"The negotiations are clearly ended, if I understand Mr. Tsipras correctly, we have no grounds for further discussions."

There are other angry comments on the group as the various European finance ministers realized that they had wasted a lot of effort on bailout negotiations. There is no need to quote them as the Wolfgang and Dijsselbloem comments had made it clear that this is the end of negotiations and Grexit is only a matter of time.

Capital Controls – As of June 28, the European Central Bank (ECB) remains committed to supply $89 billion euros of Emergency Lending Assistance (NYSE:ELA) to the Greek Central Bank according to this Marketwatch report. However in light of the referendum, the ECB would likely cut off its ELA funding by June 30.

While the ECB is committed to keep Greek banks open temporarily, there had been a massive run on the banks as seen in the long lines that formed once the referendum announcement were made. By the end of the week, Tsipras had to announce capital controls which limited ATM withdrawals to $60 euros a day. In addition, Greek banks are now closed for an indefinite period of time. This is on top of the $5 billion euros that left Greece in April 2015 alone.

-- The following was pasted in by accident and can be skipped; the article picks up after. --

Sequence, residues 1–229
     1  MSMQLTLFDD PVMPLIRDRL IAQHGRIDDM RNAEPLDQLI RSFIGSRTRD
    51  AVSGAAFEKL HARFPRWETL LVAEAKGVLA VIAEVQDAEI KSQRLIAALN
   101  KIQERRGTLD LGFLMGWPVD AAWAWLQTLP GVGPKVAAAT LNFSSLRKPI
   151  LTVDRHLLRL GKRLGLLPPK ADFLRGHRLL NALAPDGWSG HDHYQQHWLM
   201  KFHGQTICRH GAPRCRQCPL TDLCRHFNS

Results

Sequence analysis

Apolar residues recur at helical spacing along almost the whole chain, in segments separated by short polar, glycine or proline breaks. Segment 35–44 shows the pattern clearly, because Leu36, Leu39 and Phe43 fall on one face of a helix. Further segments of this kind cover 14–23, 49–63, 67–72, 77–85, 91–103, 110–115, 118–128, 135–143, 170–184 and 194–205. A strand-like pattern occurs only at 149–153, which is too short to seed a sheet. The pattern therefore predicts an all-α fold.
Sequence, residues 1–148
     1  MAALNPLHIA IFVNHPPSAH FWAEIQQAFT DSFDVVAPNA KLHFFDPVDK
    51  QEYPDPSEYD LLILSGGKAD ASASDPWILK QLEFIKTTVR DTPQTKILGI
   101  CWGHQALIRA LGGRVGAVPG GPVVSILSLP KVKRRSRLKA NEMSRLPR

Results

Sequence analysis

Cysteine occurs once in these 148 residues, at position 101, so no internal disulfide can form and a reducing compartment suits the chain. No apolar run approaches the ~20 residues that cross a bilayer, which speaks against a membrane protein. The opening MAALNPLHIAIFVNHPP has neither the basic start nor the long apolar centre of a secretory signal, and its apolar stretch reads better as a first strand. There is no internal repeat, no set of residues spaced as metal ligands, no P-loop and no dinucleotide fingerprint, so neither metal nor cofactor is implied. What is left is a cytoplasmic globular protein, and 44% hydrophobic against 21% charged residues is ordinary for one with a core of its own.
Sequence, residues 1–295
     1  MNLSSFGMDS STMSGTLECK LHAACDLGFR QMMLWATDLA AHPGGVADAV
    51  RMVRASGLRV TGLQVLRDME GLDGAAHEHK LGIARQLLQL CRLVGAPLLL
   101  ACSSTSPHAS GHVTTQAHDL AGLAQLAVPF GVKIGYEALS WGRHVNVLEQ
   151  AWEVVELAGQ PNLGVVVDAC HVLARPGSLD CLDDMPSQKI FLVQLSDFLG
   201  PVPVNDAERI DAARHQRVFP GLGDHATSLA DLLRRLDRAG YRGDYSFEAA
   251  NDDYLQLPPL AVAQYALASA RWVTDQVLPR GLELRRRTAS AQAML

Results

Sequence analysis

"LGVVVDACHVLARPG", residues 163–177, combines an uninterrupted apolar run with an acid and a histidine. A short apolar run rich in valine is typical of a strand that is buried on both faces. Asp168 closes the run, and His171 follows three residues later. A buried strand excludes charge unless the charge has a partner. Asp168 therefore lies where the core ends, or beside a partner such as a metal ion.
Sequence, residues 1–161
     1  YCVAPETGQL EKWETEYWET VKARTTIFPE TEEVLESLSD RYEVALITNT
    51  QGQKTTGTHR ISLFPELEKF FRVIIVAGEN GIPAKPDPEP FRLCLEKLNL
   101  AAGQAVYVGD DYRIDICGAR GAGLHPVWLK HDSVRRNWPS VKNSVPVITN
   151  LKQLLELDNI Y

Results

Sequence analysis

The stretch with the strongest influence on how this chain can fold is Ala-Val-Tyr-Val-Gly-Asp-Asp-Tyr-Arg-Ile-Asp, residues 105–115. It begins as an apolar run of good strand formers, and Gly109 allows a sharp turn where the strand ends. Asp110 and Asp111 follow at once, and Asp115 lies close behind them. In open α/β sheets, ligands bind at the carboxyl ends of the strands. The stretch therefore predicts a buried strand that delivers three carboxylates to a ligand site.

This capital control announcement had triggered a decision by Greek neighbor, Macedonia to order its bank to pull out its money from Greek's bank. This is a sign that Greece's weaker neighbors are currently actively taking steps to insulate themselves from the potential fallout effects from Grexit. It should be noted that 20% of Greek banks asset are based in Macedonia.

Conclusion – In other words, the situation on the ground is rapidly spiraling out of control and a Grexit is virtually guaranteed. In this situation, it is entirely likely that financial instability would engulf Europe even if the Troika absorbed the majority of Greek's bad debt. The irrational nature of the Syriza government would multiply the likelihood of a disorderly Grexit as Syriza might impose more than just capital controls.